mediterranean sea

Expedition in the Med Comes to a Close

Posted Wed, Aug 31, 2011 by Emily Fisher to gorringe seamount, mediterranean sea, portugal, the ranger

A marbled electric ray in Portugal's Gorringe Bank seamount. © Oceana/Carlos Suarez

This year’s expedition in the Mediterranean and Portuguese Atlantic has come to a close, and we’re proud to report that it was a resounding success.

The highlight of the Ranger's journey was Portugal’s Gorringe seamount, which is recognized as a hotspot in the region but has not been extensively explored.

The base of the Gorringe seamount is more than 15,000 feet deep, while its peaks are just about 100 feet deep. Need a visualization? Take one of the United States’ tallest peaks, such as Washington’s Mount Rainier, submerge it under water, and add a bunch of spectacular marine life. There you have it.

The expedition team found kelp forests, deep-sea sponge fields, black coral forests, extensive oyster beds and over 100 different species including spotted dolphins, minke whales, sea pens, slipper lobsters and fish such as orange roughies, longspine snipefish, morays and conger eels.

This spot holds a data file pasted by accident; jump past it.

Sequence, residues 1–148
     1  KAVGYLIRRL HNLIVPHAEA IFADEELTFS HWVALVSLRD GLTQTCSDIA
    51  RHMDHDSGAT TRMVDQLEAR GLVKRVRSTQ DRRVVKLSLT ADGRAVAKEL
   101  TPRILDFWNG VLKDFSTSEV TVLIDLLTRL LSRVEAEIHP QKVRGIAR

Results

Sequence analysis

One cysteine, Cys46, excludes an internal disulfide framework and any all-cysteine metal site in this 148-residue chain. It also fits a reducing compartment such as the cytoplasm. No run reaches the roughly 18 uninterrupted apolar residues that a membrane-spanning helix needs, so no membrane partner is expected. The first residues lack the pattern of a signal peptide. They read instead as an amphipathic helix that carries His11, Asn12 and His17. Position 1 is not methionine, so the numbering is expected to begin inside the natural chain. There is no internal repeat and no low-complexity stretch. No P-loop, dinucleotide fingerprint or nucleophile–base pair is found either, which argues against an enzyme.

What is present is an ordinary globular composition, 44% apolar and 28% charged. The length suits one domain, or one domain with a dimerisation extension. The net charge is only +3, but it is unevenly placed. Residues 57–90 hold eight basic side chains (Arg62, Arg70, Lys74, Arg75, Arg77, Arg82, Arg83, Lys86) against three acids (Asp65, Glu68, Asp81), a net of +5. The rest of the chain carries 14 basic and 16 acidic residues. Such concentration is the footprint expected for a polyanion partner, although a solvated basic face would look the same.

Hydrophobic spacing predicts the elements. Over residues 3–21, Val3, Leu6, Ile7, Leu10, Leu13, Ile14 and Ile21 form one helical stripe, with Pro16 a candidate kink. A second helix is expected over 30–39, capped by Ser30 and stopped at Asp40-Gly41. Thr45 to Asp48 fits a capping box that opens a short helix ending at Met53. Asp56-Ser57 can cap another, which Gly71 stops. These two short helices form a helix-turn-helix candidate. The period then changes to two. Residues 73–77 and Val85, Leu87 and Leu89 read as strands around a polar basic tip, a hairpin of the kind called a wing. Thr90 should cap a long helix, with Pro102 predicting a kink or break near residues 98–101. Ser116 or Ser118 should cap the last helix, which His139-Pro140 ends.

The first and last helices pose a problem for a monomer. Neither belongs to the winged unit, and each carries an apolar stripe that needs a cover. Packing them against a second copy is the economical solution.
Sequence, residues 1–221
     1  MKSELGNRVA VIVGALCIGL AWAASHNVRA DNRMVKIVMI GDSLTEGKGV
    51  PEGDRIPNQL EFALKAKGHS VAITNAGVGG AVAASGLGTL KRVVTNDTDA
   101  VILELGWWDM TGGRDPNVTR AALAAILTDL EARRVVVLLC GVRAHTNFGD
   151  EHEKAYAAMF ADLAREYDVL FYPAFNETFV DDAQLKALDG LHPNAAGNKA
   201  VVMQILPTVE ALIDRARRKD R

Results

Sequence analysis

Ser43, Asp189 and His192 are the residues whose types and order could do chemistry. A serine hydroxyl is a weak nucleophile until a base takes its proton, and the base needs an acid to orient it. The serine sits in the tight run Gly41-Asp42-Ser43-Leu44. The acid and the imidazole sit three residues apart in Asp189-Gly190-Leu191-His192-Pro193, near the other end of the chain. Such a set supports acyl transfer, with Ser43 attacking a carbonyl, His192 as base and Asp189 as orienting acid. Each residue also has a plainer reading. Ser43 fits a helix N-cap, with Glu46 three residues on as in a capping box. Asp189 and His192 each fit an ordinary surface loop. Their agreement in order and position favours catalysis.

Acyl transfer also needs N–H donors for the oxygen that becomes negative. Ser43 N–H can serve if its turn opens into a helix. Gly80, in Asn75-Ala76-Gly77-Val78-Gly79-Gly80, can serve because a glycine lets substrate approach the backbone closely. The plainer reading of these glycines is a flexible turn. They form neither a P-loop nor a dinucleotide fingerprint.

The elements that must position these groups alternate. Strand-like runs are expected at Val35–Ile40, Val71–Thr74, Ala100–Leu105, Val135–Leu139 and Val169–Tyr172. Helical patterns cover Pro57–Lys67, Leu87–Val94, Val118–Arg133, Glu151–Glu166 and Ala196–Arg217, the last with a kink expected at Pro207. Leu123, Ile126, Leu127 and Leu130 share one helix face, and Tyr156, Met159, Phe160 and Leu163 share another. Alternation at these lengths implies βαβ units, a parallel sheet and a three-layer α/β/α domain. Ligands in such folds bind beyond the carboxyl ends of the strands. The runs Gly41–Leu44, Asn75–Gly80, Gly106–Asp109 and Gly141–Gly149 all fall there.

During the expedition, a team of scientists and divers collected photos and video footage and an underwater robot (ROV) recorded high-resolution images on the sea beds down to nearly 2,000 feet deep.


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Vote to Protect Mediterranean Seamounts!

Posted Tue, Apr 19, 2011 by Emily Fisher to balearic seamounts, bluefin tuna, mediterranean sea, spain

Oceana could win 30.000€ (more than $40,000) to protect threatened seamounts in the Mediterranean, but only if you vote!


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Turkey to Eliminate Driftnets in 2011

Posted Wed, Sep 22, 2010 by Emily Fisher to fishing, illegal fishing, mediterranean sea, morocco, swordfish, turkey bans driftnets, victory

© Oceana/Carlos Suarez

About a month after Morocco announced it would ban illegal driftnets in the Mediterranean, Turkey has followed suit, announcing it will stop using the destructive fishing gear next year.

The decision follows intense campaigning by our European colleagues, who estimate that more than 500 vessels have been operating illegally in the Mediterranean, some with nets up to 12 miles long. It’s estimated that thousands of creatures, including whales, dolphins, sharks and sea turtles, are trapped by the indiscriminate fishing gear each year.


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